Ever Wondered What Your Child’s Nanny Is Thinking? Here’s Some Insight…

Hey Friends…Ellie’s nanny very generously shared what runs through head as the (gulp) person that spends the most time with my child. 
So if you ever wondered what the nanny was thinking…here is a clue:
When people ask me, “How are you a nanny?”  this usually translates to, “I couldn’t do it”, or “It seems so hard to entertain a baby all day.” My answer is always the same to these people; working with children is a constant reminder to enjoy the life that’s right in front of us. I get to bask in the explorations and admiration of this fascinating world, and share everyday experiences in the eyes of a child. It keeps me young, happy and most importantly fully awake to this world.
After all, shouldn’t we as adults still clap and dance when we hear our favorite song?However, being a nanny has some significant baggage and fears that go along with it. You are taking care of SOMEONE ELSE’S child. You are dealing with another adult’s views on parenting styles, their personal and professional life, all while trying to maintain a safe and enriching environment for their offspring. The moment that door locks leaving me with another’s child for the next 10 hours, an array of fears wash over me…

In no particular order

#1. I fear the mother of the child I nanny for will start to resent me. I fear she will become jealous, and bitter towards me because of the time I spend with THEIR child. I cringe with guilt that I am the one who gets to go on play dates and outings around the neighborhood while mommy’s at work. I secretly enjoy that the child follows mommy’s every move in the morning while she gets ready to leave, and I love that she cries a little bit once mommy’s out the door. I cringe if she cries when I leave at the end of the day. Of course, I love that she likes me so much, but I fear the day that the mother might start to look me in the eyes with pangs of hate rather than appreciation.

#2. I am terrified of the child getting hurt or violently sick on my time. Yes, children get bumps and bruises, but I am talking about broken bones and stitches and other hospital worthy circumstances. As children, most of us have taken a trip to the hospital for one or all of these situations, for some, numerous times. I have been a lifeguard and certified in First Aid for the past 10 years, therefore dealing with some bloody situations, but as a nanny, I am TRUSTED to keep her most precious creation safe. One thing I don’t ever want to do is make that phone call starting with, “something happened…” Which is probably why I take the phrase, “watched like a hawk” to a whole new level.

#3. I NEVER want to cross any personal/professional boundaries. While this is the most personal job as far as jobs get, I want to keep it professional. I internally fight with myself if I am sharing too much of my personal life. Just being Facebook friends is enough to get me canned. Not to mention the knotted ball I get in my throat and flushness filling my cheeks if I am asked to stay for a beer or join dinner at a friends. I get uncomfortable that I am crossing some sort of employer versus “the help” restrictions. That is basically what a nanny is, the help, if this was an era previous of 1960. Of course, I’ve never, ever been treated or felt that way. In fact, I’m so comfortable with my boss, which is the reason I fear that I will be unprofessional or cross a line.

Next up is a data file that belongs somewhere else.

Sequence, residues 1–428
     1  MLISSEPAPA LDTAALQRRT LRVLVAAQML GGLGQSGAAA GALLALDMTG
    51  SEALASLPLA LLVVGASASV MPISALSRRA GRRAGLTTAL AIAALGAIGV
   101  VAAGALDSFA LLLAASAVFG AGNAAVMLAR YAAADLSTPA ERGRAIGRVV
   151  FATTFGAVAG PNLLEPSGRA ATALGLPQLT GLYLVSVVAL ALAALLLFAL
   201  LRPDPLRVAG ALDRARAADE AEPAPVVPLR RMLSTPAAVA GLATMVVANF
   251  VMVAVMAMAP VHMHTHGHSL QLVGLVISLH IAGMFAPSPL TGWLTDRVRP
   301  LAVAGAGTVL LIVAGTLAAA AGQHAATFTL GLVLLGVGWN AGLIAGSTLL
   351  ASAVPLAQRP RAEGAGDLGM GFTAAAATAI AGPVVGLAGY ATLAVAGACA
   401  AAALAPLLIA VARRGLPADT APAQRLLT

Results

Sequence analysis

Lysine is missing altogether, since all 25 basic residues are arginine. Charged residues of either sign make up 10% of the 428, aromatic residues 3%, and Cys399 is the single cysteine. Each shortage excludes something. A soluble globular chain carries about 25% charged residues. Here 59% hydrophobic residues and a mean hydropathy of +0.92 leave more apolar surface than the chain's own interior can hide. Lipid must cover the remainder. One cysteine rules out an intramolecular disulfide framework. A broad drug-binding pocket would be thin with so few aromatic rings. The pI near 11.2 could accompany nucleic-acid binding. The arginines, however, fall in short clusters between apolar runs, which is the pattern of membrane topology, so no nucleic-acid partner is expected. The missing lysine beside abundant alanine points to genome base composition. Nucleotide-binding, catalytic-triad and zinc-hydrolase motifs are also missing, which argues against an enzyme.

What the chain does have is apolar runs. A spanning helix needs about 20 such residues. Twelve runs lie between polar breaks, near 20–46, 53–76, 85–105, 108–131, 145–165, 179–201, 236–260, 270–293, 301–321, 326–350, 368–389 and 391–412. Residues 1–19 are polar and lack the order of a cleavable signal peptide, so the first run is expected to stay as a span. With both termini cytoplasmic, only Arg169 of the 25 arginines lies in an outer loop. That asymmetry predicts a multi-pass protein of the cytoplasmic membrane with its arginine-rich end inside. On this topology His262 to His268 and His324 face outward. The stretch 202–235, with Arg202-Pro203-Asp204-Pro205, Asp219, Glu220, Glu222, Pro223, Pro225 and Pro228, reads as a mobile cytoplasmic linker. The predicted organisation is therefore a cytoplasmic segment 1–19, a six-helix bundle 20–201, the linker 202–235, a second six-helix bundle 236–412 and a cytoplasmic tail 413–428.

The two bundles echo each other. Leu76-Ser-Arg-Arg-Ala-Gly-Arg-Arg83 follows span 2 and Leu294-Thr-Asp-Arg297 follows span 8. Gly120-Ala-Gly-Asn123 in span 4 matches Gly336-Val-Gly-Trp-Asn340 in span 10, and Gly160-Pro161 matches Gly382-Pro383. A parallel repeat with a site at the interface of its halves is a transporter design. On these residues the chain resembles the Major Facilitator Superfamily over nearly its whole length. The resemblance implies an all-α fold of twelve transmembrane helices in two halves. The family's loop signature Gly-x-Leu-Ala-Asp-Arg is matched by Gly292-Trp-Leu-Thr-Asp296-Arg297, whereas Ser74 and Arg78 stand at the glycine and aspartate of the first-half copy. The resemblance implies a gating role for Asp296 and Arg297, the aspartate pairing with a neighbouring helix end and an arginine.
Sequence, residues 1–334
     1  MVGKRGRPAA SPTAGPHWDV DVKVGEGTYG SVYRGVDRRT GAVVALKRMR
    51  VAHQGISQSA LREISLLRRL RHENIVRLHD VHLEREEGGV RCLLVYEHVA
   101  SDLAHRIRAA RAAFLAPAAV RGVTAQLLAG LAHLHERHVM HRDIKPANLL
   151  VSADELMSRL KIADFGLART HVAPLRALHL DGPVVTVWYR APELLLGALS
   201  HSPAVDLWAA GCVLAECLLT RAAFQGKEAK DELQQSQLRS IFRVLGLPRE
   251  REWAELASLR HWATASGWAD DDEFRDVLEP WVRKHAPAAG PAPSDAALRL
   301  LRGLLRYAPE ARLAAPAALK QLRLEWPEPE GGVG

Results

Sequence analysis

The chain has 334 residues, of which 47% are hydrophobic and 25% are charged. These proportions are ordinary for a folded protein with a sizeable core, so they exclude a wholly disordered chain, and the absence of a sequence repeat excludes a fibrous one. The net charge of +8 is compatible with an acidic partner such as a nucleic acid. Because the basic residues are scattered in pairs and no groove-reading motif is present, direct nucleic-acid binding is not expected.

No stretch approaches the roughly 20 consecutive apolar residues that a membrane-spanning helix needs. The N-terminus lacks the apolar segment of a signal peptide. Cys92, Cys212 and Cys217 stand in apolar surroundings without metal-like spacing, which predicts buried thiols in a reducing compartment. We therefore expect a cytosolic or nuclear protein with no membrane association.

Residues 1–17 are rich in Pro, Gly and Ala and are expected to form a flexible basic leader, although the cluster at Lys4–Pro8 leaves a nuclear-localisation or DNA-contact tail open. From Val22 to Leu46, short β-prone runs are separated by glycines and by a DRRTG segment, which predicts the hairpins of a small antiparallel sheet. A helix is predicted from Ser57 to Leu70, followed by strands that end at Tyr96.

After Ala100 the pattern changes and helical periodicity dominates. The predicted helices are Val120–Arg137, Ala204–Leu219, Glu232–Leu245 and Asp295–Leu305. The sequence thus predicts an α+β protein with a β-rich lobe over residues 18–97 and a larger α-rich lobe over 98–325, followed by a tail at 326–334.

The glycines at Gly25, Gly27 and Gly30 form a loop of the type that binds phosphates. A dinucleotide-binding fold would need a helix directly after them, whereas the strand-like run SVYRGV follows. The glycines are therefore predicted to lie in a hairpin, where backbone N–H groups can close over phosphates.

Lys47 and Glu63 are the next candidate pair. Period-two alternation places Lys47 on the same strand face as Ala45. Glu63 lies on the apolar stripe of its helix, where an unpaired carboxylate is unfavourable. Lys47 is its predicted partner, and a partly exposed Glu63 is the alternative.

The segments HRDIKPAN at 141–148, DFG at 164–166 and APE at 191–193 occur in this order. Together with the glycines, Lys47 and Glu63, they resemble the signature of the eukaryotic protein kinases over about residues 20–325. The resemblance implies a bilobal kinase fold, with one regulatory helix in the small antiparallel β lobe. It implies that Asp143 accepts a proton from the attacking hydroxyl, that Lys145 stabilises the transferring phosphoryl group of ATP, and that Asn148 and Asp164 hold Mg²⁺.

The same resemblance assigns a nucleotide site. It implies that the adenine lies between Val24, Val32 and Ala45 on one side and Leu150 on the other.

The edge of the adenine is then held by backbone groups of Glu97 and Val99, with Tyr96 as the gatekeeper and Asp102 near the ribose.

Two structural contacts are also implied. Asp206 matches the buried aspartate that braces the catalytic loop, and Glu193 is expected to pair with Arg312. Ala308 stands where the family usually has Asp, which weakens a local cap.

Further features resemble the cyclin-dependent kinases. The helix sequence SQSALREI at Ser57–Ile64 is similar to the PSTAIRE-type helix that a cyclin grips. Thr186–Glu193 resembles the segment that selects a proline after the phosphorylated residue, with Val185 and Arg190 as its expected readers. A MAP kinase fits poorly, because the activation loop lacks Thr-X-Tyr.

#4. I fear, I pray, I hope I do not in any way screw up that child. I am actually hiding my head in shame now as I recall going to The Museum Of Natural History and pointing out the names of each skeleton dinosaur – realizing after reading the diagrams how completely wrong I was. And I thought, “Oh God, someday you’re going to say; ‘but Jillian said…’”. Embarrassed. Then there are the times when all three of us are together and the mother instantly knows what it is the child wants or needs right away, but when it’s just the two of us, I sometimes test her patience until I figure out what exactly it is that she is trying to tell me. I have a dual degree in Early Childhood and Childhood Education with a minor in English Literature. In simpler terms, I am suitable to work with children from infancy to 12 years of age. I can prove, using Blooms Taxonomy and theorists such as Vygotsky and Freud the whys, whats and hows each activity, toy and PLAY affect a child’s developmental growth. I can plan and engage numerous activities to stimulate, cognitive, physical and motor, emotional and social skills through the use of age appropriate materials, but I am not a mother. I am not acting as the child’s mother, nor do I want to. I am very capable of screwing up a child to the point of no return. I mean, I already taught her how to make the farting noise with her lips. :-/

#5. When it’s my time to go, or I am no longer needed as the nanny, I fear I will not be remembered by the child. By the time a child is 3, their brain has undergone some of the biggest milestones of development, yet memory is limited. There is a huge chance that the child I spend such immense time with will go through their entire life not knowing how big of a part I played in their early years. Not knowing that they loved me as much as I loved them. While they may be told by their family and friends about me. My fear is that she will not have a memory of her own about me.

While I take these fears with me each day, they are minuscule to the joy and thankfulness that as a nanny, I get to share with this family and for letting me into their home and hearts.

And that’s the point of view from the nanny’s perspective.